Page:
According to a recent research from Rice University, women in Mexican municipal politics are equally as corrupt as males.
The researchers looked at whether women elected to municipal government positions in Mexico are less corrupt than men and how corruption scandals affected women’s election to those positions. Their study was released in Comparative Political Studies.
Based on data from 2000 to 2019, Guajardo and Schwindt-Bayer discovered that female candidates for mayor in Mexico were more likely than male candidates to be elected after audits of municipal budgets revealed expenditure irregularities.
They contend that this happens as a result of stereotypes that women are more trustworthy, honest, and less corrupt than men, which lead parties and/or voters to favor women in the wake of corruption allegations.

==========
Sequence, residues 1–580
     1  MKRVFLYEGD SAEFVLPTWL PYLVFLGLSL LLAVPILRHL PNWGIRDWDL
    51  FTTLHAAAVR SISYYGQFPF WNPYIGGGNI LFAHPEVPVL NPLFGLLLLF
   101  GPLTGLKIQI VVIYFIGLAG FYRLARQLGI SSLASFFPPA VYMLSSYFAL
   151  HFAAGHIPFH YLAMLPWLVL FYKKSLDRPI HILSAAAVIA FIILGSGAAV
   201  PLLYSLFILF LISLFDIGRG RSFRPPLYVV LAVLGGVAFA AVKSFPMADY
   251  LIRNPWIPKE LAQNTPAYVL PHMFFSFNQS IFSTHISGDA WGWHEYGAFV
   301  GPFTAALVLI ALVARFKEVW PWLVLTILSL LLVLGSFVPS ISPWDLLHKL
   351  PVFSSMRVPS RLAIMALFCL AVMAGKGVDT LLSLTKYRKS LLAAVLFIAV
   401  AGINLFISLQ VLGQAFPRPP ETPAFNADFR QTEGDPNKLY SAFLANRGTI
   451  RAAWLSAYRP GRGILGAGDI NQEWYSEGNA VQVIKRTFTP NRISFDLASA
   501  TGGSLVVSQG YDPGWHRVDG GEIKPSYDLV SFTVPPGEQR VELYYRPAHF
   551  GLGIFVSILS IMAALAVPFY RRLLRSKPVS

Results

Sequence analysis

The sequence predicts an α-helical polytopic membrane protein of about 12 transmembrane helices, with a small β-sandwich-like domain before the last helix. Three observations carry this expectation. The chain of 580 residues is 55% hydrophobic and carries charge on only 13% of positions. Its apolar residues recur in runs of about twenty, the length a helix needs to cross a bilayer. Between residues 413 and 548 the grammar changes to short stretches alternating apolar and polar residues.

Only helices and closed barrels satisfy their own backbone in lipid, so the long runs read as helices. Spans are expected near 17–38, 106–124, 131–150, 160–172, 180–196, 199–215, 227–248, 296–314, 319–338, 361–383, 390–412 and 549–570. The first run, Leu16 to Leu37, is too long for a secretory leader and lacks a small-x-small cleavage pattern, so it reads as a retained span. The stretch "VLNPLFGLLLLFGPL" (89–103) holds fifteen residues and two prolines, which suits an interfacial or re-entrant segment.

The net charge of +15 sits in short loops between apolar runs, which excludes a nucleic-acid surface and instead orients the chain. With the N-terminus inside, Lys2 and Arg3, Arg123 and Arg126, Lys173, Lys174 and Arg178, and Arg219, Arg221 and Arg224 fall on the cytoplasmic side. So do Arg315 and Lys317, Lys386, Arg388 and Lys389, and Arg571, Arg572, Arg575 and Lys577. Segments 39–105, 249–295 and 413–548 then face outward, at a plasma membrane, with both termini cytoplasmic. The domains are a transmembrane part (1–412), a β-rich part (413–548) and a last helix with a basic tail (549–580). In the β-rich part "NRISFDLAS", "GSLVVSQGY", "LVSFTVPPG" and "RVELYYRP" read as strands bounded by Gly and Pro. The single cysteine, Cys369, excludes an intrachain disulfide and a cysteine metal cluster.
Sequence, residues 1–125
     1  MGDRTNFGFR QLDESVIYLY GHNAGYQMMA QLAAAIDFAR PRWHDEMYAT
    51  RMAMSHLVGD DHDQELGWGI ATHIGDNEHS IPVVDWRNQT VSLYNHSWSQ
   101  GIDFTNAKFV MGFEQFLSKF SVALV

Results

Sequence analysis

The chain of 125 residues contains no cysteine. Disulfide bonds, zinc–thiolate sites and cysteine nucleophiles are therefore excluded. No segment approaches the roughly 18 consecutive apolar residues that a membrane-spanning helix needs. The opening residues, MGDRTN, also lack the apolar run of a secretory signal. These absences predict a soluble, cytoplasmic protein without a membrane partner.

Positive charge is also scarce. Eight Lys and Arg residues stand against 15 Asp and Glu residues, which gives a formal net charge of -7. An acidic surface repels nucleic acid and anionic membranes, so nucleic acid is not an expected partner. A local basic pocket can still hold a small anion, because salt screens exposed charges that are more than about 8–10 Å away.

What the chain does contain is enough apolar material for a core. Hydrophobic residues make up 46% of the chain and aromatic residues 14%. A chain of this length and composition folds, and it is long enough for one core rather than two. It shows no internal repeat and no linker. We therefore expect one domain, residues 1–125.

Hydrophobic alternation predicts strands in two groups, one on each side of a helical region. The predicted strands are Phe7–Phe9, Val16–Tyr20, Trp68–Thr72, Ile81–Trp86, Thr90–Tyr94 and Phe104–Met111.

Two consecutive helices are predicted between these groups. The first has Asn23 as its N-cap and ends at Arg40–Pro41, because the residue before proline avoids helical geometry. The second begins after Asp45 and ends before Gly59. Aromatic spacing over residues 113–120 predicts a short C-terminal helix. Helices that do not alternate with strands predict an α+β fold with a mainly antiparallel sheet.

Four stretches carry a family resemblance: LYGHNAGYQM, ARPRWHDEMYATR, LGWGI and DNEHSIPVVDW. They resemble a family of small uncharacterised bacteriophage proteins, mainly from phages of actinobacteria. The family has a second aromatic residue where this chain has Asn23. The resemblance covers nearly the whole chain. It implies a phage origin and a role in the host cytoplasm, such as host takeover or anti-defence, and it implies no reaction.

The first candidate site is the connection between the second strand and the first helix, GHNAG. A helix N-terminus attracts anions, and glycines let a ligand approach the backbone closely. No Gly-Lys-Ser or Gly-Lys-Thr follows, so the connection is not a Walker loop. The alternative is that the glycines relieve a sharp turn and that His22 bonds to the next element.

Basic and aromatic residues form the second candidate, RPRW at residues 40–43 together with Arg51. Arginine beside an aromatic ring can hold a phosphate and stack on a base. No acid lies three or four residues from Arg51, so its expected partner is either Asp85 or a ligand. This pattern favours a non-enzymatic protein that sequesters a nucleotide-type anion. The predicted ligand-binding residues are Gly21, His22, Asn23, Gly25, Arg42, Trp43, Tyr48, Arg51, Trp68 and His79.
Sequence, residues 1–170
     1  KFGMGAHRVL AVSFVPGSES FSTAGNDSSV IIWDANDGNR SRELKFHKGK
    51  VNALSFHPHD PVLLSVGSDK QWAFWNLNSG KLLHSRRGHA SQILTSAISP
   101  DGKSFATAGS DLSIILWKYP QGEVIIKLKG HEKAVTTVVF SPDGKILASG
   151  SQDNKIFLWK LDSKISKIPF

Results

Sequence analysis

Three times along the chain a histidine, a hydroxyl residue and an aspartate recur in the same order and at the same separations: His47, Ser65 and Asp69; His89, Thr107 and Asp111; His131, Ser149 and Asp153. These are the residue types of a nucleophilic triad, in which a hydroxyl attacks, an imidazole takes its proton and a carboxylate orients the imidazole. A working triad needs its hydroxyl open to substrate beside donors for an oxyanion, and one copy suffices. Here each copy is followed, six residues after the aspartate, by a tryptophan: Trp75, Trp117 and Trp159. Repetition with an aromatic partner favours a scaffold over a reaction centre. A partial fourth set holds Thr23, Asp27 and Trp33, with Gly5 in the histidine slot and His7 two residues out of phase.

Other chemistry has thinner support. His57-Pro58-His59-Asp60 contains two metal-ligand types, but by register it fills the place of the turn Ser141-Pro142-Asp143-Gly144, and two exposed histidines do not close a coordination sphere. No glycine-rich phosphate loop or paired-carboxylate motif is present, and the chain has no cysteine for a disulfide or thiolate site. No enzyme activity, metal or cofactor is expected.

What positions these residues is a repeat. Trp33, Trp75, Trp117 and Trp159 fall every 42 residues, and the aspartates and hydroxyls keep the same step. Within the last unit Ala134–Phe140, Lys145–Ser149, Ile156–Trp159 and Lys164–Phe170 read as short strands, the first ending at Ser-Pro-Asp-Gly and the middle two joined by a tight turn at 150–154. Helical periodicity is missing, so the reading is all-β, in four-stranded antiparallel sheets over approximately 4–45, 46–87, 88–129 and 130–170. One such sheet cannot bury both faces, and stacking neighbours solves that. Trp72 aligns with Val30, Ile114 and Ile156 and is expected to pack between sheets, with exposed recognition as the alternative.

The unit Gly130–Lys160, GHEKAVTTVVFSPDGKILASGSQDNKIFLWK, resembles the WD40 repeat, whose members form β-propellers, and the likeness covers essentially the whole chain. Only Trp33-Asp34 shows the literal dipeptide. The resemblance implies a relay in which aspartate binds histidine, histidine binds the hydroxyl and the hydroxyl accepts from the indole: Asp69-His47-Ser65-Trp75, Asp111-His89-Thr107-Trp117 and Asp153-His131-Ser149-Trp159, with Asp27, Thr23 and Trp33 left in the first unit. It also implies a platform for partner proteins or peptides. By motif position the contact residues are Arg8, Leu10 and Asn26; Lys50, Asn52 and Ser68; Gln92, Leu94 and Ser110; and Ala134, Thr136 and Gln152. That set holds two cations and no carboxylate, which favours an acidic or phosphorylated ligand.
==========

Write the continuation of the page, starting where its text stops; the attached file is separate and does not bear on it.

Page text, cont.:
However, the study also discovered that while in power, female mayors are just as corrupt as male mayors. The researchers discovered that women in office are equally as corrupt as men, if not more so, despite what voters and political parties may believe.
The researchers hypothesized that women may be motivated to engage in corruption as a result of Mexico’s political culture, which includes the reliance on parties to advance political careers. This is because women may feel the need to make up for their marginalized status and lack of political resources.
In Mexican politics, women have been discovered to be just as corrupt as males.